June 12, 2024


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Interview with Billy Childs: Seriously? Video

Jazz interview with jazz pianist and keyboardist Billy Childs. An interview by email in writing. 

JazzBluesNews.com: – First let’s start with where you grew up, and what got you interested in music?

Billy Childs: – I grew up in Los Angeles California during the late 50’s, the 60’s and 70’s.  I had great parents and two loving older sisters and the environment was one of great comfort, love, and support.  My parents had very eclectic tastes in music, so I was exposed at an early age to all kinds of music – from Bach to Jobim, from Handel to the Modern Jazz Quartet, from Mozart to Barbara Streisand.  Music was all around me, so I’ve always been interested in music.  What got me interested in becoming a musician professionally was listening to Emerson, Lake, and Palmer (Tarkus) for the first time; something about the way that music impacted me made me decide that this was the journey I wanted my life to be about.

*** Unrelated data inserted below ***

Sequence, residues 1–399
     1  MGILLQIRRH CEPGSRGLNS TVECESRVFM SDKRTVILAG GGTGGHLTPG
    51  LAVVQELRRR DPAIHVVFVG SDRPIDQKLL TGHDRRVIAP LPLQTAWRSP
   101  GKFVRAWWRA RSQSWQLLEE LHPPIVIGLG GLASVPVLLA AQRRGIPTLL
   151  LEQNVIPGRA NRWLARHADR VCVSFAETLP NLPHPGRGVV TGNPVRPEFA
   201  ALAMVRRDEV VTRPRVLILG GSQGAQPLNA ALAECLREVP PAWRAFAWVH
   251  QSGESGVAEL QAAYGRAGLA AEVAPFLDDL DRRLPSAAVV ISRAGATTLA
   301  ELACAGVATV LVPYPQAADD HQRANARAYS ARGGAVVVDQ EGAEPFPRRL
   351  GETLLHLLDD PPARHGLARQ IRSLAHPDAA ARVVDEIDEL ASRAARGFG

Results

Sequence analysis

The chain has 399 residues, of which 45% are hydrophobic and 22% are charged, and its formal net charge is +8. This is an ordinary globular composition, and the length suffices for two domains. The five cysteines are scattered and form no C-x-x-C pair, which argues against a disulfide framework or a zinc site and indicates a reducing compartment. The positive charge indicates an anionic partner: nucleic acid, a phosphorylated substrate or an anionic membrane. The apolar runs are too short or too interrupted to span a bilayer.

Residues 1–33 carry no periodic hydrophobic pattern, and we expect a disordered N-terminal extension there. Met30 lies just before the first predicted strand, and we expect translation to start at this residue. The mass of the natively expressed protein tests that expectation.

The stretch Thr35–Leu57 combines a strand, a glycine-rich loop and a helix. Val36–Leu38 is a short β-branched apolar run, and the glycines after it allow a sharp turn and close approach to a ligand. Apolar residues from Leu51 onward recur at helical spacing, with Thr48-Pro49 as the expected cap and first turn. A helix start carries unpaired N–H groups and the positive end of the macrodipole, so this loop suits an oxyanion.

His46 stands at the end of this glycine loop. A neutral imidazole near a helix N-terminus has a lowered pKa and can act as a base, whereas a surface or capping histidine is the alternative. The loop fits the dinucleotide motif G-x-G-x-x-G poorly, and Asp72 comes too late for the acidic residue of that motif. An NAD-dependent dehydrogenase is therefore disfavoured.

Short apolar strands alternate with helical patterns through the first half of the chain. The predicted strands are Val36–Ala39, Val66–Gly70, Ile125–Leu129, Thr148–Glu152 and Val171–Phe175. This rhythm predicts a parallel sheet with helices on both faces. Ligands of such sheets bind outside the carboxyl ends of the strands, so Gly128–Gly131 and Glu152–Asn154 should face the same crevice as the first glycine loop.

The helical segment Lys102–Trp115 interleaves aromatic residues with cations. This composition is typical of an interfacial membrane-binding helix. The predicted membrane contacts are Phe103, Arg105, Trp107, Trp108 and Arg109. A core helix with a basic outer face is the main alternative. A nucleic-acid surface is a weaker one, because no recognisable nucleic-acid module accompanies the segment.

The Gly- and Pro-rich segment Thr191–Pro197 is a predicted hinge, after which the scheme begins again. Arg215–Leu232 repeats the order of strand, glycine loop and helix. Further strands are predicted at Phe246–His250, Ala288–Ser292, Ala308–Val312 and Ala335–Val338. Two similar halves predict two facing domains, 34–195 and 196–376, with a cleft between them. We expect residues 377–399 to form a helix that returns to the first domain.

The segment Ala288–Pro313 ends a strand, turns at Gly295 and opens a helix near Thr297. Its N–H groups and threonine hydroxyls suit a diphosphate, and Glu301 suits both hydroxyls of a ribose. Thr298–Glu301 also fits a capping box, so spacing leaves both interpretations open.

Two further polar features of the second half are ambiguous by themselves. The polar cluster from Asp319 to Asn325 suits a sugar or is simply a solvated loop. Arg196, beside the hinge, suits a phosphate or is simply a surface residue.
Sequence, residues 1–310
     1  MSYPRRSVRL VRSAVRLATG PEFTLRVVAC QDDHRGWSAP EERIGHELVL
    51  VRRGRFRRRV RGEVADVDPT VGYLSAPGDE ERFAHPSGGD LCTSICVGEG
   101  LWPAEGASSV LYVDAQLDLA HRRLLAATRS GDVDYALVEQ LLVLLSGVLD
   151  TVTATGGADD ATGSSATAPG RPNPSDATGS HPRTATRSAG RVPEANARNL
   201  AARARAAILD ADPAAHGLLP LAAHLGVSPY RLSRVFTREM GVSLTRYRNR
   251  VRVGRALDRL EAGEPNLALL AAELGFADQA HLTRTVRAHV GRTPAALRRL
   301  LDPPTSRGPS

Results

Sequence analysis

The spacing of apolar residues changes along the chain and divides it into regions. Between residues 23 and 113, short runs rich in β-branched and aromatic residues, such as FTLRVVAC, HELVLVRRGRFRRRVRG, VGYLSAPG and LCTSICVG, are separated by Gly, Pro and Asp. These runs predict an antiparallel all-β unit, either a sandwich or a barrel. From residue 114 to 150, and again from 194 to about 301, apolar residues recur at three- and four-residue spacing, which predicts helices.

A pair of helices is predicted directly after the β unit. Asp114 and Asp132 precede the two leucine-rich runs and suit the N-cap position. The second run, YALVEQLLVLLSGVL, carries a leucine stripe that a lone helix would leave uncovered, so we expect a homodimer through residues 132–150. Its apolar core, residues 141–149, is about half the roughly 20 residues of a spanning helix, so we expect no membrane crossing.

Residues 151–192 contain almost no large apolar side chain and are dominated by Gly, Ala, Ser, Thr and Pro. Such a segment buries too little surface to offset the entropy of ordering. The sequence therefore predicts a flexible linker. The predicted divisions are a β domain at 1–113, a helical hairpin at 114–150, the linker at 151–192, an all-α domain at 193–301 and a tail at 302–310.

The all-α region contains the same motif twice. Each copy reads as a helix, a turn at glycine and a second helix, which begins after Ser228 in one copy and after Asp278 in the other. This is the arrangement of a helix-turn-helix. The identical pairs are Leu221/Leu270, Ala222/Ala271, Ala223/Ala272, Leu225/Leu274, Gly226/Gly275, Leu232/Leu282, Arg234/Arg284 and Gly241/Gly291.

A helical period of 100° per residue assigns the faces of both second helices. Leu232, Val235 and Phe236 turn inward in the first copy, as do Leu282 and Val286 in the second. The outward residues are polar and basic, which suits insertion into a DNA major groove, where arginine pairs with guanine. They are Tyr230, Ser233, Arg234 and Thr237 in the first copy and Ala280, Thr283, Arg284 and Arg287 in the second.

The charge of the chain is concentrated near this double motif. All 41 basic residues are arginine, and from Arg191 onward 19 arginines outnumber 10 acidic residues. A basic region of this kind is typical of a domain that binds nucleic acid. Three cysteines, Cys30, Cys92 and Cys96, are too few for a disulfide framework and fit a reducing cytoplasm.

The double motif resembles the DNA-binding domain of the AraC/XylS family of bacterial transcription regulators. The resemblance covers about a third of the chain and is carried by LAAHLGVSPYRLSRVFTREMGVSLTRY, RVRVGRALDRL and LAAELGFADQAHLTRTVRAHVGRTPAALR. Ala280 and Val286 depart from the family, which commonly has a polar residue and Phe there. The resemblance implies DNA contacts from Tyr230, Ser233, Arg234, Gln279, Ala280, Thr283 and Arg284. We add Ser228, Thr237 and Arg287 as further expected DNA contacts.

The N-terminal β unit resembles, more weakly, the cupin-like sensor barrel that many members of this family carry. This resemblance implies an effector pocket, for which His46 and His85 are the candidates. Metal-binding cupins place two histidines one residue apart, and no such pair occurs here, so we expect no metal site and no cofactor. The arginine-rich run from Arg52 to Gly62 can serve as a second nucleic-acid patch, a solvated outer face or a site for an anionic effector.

JBN: – How did your sound evolve over time? What did you do to find and develop your sound?

BCH: – If by “sound” you mean my voice, musical language, or concept, I can’t really answer that.  It’s like asking someone to describe how they grew.  All you know is that all of the sudden you are bigger, better, taller, more fluent than you were years ago (or even months ago).  That is, provided you maintain good habits (practicing, being healthy, etc.).  What I did to develop my sound, I suppose, was to keep my focus on the artistic vision I was trying to formulate in my head, and then do mainly those things that moved me and my energy closer to that goal.  It wasn’t a premeditated and planned out “goal” per se – just a driven and persistent determination to realize those artistic visions in my head.